Battle resumed a week later. Two of the three Hungarian players were now on holiday, leaving Graham to hold off the Austrians alone. His situation looked grim but he put up a spirited fight. The stand-off on his left continued. On his right, he was gradually driven out of the woods, and Reischach's Landwehr managed to steal into his redoubts. Fighting raged in the centre. The Hungarians threw Jablonowsky out of Herkály puszta. The Austrians rallied, brought up their gun line, and counterattacked. The Poles held up three times their number of Russians for three hours before giving way. The 'red kepis' stormed the Austrian artillery and scared off half of the guns. Hungarian musketry held off one counterattacking brigade, but could not stop the other. It piled into the disrupted, depleted defenders who, low on ammo, were forced to concede the objective. 

Endex: Herkály puszta falls to the Austrians. Remnants of Hungarian 1st and 7th corps in the foreground. Hungarian guns left of picture deter oncoming Russians, but red kepis top centre are unable to stop the final assault.

The end result: the Hungarians had held the necessary five objectives at one time or other, but only retained two at game end, one short of their target, thus it was an allied victory. Still, it was a much tougher job for the allies than had seemed likely at half-time, and it took Reischach's improbable infiltration of the Hungarian redoubts to swing it. It certainly produced an exciting finish.


The simple yet subtle BBB approach to command & control proved its worth. Making some of the Hungarian army Passive and just giving it two corps Generals and no C-in-C worked well to recreate its poorly coordinated performance on the day.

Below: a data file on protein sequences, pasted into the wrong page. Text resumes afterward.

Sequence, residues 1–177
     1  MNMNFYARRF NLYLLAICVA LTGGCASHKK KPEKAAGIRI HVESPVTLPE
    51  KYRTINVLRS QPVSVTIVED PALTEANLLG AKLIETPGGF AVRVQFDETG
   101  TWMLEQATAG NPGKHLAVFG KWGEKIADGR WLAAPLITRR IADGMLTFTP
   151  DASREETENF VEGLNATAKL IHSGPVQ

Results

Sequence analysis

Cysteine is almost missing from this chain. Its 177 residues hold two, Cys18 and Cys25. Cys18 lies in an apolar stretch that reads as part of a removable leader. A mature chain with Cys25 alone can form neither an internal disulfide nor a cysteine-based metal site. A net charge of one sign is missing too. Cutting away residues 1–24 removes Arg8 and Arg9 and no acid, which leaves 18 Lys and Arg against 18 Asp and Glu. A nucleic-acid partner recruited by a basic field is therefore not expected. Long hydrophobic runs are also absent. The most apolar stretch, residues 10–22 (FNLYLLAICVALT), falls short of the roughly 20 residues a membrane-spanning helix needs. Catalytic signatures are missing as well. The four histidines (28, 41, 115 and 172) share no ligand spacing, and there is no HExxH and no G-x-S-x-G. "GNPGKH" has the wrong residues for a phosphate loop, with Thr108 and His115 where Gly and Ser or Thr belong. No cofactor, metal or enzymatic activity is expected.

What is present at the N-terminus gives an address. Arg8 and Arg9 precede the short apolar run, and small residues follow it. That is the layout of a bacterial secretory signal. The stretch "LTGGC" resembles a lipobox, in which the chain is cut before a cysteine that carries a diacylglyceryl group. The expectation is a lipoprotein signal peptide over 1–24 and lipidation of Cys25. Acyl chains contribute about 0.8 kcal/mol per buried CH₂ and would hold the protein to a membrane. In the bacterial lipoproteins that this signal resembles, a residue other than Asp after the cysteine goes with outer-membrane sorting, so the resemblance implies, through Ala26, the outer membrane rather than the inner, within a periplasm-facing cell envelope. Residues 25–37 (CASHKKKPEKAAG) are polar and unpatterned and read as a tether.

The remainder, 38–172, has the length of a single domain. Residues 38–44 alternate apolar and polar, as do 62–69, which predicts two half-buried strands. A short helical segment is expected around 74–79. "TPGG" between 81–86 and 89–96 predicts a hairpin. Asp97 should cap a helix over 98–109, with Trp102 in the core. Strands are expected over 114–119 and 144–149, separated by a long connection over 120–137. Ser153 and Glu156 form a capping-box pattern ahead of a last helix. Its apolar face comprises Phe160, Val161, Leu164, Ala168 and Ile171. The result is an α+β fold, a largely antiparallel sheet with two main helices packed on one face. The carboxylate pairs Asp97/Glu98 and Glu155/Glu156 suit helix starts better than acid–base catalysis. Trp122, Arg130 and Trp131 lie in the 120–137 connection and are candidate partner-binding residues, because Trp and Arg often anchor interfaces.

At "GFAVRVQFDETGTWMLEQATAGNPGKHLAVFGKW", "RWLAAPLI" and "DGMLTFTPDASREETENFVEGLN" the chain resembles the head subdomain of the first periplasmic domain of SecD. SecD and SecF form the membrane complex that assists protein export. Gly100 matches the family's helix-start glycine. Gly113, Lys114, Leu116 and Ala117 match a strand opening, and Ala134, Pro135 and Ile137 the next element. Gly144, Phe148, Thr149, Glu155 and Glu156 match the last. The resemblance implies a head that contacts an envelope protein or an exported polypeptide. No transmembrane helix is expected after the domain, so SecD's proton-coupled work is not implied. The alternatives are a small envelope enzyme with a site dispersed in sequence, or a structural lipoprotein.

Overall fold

A wargame can change your view of the history. Nagysándor and Bechtold get criticised by historians for pinning each other and not intervening more actively in the decisive sector. Yet when it comes to moving their troops on the table, you can see why they acted that way and how it could have gone badly if they had done as their critics advocate, and perhaps have more sympathy for them accordingly. This is not the first time a BBB game has given such an insight.

Objectives: setting these can make or break a scenario. In this case, the number of them and their distribution around the table resulted in the game reproducing the shape of the historical battle reasonably well, while providing interesting choices and challenges for the players. Deciding what number of objectives constitutes victory was tricky but history provides a 'par score', and I'm happy with the targets this scenario sets now.

How much should casualties matter? As Graham said, at half-time it was obvious that he wasn't going to break through, so realistically he would have preserved his army and pulled back behind his entrenchments. But then you'd think you could say the same for Klapka, yet the historical battle went on for eight hours, I suppose partly because it was fought across such a wide area and it was hard to get the full picture or to react quickly to change it. There's certainly a case for including casualty totals or ratios in the win/lose equation, but as a general policy I prefer not to, as discussed on this blog before.

Never give up! Even though things looked dire for the Hungarians at half-time, they came within a couple of dice of salvaging a draw or even snatching victory. Time-limited scenarios and the vagaries of the movement and combat tables mean there is usually a chance, albeit a small one, of extreme rolls changing fortunes.

A new player is refreshing. Mike fitted right in. He'd done his homework and read the rules beforehand. Happily, BBB seemed to hit his 'sweet spot' with its balance of big battle manoeuvre and tactical flavour. And of course, it's always good for a new player's morale to end up on the winning side.


Next up will be a change of scene as we finally leave Komárom and move to the southern front for a corps-sized ambush: the battle of Hegyes.


  1. Another great game Chris and the scenario sounds pretty balanced due to the reasons given. As you rightly say, when you've played some of these mid-19thC battles, you can really see why the actions unfolded as they did, as the options are often limited/dictated by the terrain, quality of troops etc, even with our Gods eye view of the table. So I find it really adds to your understanding of the battle when you read about it in a history book etc.

    1. Thanks, Steve. As you can probably tell from the AAR, out of the three battles of Komarom so far, this was the best yet. Of course, there is still the Fourth Battle of Komarom to come ...


Comments welcome!